Traditional Chinese Simplified Chinese Email this article
LCQ20: Local agricultural development

     Following is a question by the Dr Hon Fernando Cheung and a written reply by the Secretary for Food and Health, Dr Ko Wing-man, in the Legislative Council today (February 6):


     According to the estimates released by the Government at the end of 2011, agricultural land accounted for about 6.1% of the total land area in Hong Kong, i.e. about 6 700 hectares, among which 3 292 hectares of land in the New Territories were covered by statutory plans and zoned for "agricultural" use (representing approximately 10.5% of the total land area in the New Territories covered by statutory plans). The current agricultural policy is to "follow the general policy framework of free market. Except where social considerations are overriding, the allocation of resources in the economy is left to market forces with minimal government intervention". In recent years, as many pieces of agricultural land in the New Territories have been left derelict after acquisition by property developers, some agricultural land has become container yards or vehicle parks, or has been turned into other land uses, and coupled with the Government's plan to develop Northeast and North New Territories, the area of agricultural land for farming has been dwindling and the agriculture industry is shrinking continuously. The market share of locally produced vegetables has dropped from 30% in the 1990s to 2.3% in 2011.  The relevant authorities on the Mainland, on the contrary, promulgated vegetable supply assurance measures in 2010, and requested large cities to set a minimum area of agricultural land designated for vegetable production so as to enhance self-sufficiency. Furthermore, Taiwan has adopted "a healthy, efficient and sustainable development" as an objective of its agricultural policy and has formulated corresponding measures to help the agricultural sector. Some members of the agriculture industry have pointed out that, due to repeated problems with food products from the Mainland in recent years, quite a number of Hong Kong people practise organic farming and purchase organic agricultural products, and such people also have confidence in and a demand for local agricultural products. In addition, developing the agriculture industry can also enhance diversity of local industries, create employment opportunities, maintain ecological balance and facilitate the development of biological diversity. In this connection, will the Government inform this Council:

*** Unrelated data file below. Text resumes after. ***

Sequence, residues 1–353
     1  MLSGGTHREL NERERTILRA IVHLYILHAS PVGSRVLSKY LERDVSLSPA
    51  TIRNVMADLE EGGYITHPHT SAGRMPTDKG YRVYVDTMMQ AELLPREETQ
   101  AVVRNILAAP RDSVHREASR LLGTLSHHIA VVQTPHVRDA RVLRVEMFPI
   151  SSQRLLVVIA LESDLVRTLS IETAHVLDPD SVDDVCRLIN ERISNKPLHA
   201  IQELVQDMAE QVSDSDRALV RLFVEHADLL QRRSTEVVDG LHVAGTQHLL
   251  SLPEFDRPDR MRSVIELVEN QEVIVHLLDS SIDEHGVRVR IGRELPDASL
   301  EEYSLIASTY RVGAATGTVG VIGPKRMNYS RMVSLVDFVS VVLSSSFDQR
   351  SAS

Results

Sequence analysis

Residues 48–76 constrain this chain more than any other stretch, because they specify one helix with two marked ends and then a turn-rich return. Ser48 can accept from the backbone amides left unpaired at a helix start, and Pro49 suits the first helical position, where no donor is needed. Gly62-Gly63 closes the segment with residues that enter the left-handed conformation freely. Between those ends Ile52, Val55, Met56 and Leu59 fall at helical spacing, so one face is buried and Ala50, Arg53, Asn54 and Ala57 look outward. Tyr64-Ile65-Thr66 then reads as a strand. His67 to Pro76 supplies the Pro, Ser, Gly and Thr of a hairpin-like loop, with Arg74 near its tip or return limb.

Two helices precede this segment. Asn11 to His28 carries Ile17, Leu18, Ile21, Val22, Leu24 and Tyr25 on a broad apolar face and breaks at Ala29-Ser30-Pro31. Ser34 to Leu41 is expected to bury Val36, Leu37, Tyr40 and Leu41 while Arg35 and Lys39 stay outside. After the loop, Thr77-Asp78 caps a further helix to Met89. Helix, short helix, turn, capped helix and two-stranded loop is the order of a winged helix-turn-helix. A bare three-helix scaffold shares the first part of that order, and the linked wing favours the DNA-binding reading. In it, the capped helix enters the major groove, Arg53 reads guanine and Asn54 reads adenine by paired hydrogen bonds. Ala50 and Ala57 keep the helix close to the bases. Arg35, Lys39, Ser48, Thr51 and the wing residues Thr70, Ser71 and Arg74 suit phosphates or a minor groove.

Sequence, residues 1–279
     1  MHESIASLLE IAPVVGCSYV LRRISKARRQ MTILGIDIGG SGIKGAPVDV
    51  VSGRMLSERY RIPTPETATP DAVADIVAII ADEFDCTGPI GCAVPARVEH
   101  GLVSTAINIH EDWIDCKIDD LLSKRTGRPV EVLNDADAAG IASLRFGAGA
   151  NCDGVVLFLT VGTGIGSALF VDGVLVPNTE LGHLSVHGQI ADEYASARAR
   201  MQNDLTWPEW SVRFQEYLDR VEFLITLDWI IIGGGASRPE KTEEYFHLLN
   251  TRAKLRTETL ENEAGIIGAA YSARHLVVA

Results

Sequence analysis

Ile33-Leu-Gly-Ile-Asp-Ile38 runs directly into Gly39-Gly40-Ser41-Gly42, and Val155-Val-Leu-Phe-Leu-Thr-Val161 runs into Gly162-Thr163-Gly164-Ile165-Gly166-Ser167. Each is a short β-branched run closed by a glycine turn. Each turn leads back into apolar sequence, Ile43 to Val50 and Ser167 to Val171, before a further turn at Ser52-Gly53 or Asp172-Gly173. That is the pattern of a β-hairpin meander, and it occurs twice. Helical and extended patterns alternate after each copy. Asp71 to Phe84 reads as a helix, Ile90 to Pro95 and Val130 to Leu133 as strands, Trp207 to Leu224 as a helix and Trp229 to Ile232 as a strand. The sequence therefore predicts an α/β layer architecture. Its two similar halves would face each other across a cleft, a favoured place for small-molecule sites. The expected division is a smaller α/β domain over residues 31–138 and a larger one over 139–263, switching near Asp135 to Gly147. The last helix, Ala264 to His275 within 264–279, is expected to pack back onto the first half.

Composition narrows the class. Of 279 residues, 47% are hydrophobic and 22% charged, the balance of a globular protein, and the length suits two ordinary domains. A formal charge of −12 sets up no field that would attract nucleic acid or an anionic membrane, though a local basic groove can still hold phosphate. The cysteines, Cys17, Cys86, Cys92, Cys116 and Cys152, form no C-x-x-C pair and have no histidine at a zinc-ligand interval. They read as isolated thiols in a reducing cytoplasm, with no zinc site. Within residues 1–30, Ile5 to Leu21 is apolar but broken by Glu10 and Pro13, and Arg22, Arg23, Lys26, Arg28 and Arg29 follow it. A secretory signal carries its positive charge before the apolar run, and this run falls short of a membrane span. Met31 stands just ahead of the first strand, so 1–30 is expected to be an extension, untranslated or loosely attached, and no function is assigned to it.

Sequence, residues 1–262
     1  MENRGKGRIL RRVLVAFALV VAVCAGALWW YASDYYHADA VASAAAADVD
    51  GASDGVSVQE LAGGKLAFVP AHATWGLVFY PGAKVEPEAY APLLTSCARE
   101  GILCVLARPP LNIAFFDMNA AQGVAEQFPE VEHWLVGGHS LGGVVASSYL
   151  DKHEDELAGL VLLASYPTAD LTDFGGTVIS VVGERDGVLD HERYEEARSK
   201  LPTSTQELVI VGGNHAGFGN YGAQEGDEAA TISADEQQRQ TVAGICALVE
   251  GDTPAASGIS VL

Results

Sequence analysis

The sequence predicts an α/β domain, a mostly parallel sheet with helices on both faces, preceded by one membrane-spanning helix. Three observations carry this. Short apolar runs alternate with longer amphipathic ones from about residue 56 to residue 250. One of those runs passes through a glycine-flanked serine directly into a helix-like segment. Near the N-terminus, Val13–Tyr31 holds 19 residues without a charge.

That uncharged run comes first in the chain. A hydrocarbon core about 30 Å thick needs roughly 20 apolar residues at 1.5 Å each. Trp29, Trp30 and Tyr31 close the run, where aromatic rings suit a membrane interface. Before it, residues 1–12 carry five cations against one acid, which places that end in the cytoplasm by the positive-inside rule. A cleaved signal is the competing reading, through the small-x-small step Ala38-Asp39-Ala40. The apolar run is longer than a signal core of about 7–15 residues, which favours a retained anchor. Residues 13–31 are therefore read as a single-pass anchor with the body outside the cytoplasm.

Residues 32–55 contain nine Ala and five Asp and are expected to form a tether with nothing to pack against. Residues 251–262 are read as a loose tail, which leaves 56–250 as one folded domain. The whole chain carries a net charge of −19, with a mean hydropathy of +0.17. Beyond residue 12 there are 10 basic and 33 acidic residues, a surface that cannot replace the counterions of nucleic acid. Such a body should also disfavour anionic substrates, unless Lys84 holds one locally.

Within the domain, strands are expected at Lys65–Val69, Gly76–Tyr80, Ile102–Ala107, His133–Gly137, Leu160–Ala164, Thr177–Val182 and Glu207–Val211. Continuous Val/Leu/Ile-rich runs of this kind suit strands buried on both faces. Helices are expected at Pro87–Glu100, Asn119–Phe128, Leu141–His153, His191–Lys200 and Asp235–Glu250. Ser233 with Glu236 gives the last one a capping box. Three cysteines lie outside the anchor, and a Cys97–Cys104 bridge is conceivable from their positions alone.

(a) whether the authorities will review the existing principle of free market playing a leading role and formulate afresh a "healthy and sustainable" agricultural policy;

(b) as some farmers have pointed out that the agricultural land in the New Territories has continuously been acquired and hoarded by property developers, resulting in idling of and reduction in agricultural land, whether the authorities have given up development of the agriculture industry;

(c) given that quite a number of cities and countries have set targets on the market shares of local agricultural products (e.g. in the case of Shanghai, the minimum assured supply of locally produced vegetables will be 30% in 2020), whether the authorities have formulated such a target; if they have not, of the reasons for that;

(d) of the respective areas of agricultural land used for producing vegetables, flowers, miscellaneous crops and fruits, and the respective market shares of the such agricultural products produced each year between 1997-1998 and 2011-2012 (set out in Table 1);

(e) of the respective numbers of applications for rezoning agricultural land received and approved by the Town Planning Board (set out in Table 2), the total area involved and the total amount of additional land premium involved in approved cases each year between 1997-1998 and 2011-2012; and

(f) of the respective number of farms in Hong Kong and the number of people working in such farms each year between 1997-1998 and 2011-2012 (set out in Table 3)?